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Old 06-15-04, 05:43 PM   #1 (permalink)
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insectivorous snakes

Okay I know this is a totally newbie question but is there such a thing as an insectivorous snake that can be kept in captivity? I mean one that doesn't need to eat mice, birds, fishes, etc. to survive. Some sort of garter snake, perhaps?

There are probably dozens. I only came up with Opheodrys vernalis which is very pretty. They are native to USA and Eastern Canada right? That would make them illegal to keep in captivity. I would like to try a snake but I can't do the mouse/bird/fish thing.
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Old 06-15-04, 06:08 PM   #2 (permalink)
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I'm sure there is some kind of insectivorious snake out there...I know of a pet store who insisted that their Kenyan Sand Boa was doing fine on crickets
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Old 06-15-04, 06:12 PM   #3 (permalink)
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Rough Green Snake.
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Old 06-15-04, 06:14 PM   #4 (permalink)
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Theres O. aestivus, but the differences between the two are minute. You can buy them online from a number of places for less than 20 USD, but most are WC, and filled with probs. From what i hear they are hearty little snakes, and do excellent on a strictly insect diet.

Garters DO eat insects, but only at the juvi/subadult stages, from there they move onto frogs, mice, fish etc.
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Old 06-15-04, 07:01 PM   #5 (permalink)
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Garters do <em>not</em> eat insects.
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Old 06-15-04, 07:08 PM   #6 (permalink)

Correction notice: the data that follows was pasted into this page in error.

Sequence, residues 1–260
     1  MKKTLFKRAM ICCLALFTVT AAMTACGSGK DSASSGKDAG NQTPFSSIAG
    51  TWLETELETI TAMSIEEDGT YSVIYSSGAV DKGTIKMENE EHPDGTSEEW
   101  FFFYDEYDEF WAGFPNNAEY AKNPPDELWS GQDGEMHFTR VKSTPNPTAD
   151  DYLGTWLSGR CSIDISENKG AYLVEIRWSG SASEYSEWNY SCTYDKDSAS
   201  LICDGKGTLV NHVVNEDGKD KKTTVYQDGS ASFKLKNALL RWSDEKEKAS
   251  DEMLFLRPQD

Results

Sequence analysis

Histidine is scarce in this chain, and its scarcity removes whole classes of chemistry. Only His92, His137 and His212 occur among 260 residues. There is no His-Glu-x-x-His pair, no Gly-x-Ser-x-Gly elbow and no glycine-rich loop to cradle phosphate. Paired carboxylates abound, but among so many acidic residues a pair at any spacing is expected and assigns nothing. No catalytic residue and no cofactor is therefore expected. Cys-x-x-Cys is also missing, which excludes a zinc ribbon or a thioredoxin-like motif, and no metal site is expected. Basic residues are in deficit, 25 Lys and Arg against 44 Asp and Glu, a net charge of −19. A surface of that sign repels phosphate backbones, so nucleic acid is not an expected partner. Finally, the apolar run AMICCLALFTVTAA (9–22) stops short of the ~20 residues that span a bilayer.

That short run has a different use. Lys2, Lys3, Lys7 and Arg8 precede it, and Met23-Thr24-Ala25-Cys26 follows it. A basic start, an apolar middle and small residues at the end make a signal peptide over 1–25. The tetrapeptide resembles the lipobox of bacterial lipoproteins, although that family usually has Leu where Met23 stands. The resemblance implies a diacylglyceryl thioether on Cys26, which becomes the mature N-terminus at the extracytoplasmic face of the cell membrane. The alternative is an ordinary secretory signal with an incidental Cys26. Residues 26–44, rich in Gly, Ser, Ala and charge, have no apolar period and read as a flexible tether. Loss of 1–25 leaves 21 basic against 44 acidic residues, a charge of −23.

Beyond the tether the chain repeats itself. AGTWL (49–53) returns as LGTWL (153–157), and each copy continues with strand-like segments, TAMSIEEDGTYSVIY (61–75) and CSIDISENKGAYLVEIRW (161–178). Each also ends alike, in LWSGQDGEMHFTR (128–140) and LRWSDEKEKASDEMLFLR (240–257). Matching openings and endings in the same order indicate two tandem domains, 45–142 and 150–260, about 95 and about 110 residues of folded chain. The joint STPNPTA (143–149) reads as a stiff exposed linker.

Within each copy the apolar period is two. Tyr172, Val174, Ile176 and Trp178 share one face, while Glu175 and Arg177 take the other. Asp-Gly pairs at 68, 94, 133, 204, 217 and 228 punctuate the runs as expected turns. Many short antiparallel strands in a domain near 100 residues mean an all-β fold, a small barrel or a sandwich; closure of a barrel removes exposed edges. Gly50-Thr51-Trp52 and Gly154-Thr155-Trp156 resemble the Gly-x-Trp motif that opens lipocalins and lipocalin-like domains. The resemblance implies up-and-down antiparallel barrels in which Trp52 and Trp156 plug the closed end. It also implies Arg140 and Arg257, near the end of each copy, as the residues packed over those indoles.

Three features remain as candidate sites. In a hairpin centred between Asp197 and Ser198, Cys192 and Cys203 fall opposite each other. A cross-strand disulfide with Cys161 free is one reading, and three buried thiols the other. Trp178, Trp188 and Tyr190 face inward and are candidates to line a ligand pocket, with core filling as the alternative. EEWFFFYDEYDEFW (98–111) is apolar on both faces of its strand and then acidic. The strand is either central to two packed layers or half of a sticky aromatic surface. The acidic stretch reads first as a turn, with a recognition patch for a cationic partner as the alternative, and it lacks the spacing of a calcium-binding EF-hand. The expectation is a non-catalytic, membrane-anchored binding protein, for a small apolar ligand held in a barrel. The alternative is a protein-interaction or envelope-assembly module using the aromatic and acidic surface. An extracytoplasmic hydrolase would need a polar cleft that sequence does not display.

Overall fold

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Quote:
Originally posted by Jeff_Favelle
Rough Green Snake.
Wow, those are pretty cool. Are these ever kept in captivity in Canada? My websearch shows that these are fish-eaters, though. I wonder if there is something that can live on insects only. Maybe I'll just stick to lizards.
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Old 06-15-04, 10:30 PM   #7 (permalink)
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I have a rough green snake. Pro's and con's on it.

They are not handling snakes they get stressed pretty easy. It is a snake that is like a fish you just watch it.

Also they need a very secure environment. I have alot of plants in his viv. They are climbing snakes, and most active during the day. Fun to watch him.

You need to keep the humidity up as well around 70-90. Temps 75-85. What I do is mist the cage everyday also he drinks the water droplets more then drinking out of his bowl. But I change the bowl everyday with fresh water.


Also depends on where you get them at, most local pet stores carry. They run about $20. But more then likely they are w/c. They are found in the USA from Fla all the way to CT.

But eating seems to be the big thing. They do eat crickets when they do eat. I gut load my crickets with supplement and feed them alot of greens, carrots etc.. I am having problems with his feeding and wonder how much longer he can last.

I would not suggest as a beginner snake because they are difficult for feeding. I have read that some don't do well in captivity, however some people have success with them.

I would have to say 2 in 10 people that I have talked to have success in keeping one.

That is all the info I have for the rough green snake , Hope it helps.
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Old 06-15-04, 11:21 PM   #8 (permalink)
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Welcome to the forum!

It sure does help. Maintaining the environment won't be a problem. I'm already doing that for my uroplatus geckos. As for handling, I don't really do that, either. But WC isn't for me. It's too much hassle, especially if I have no real snake experience to fall back on. That's okay. Some people just weren't meant for snake-keeping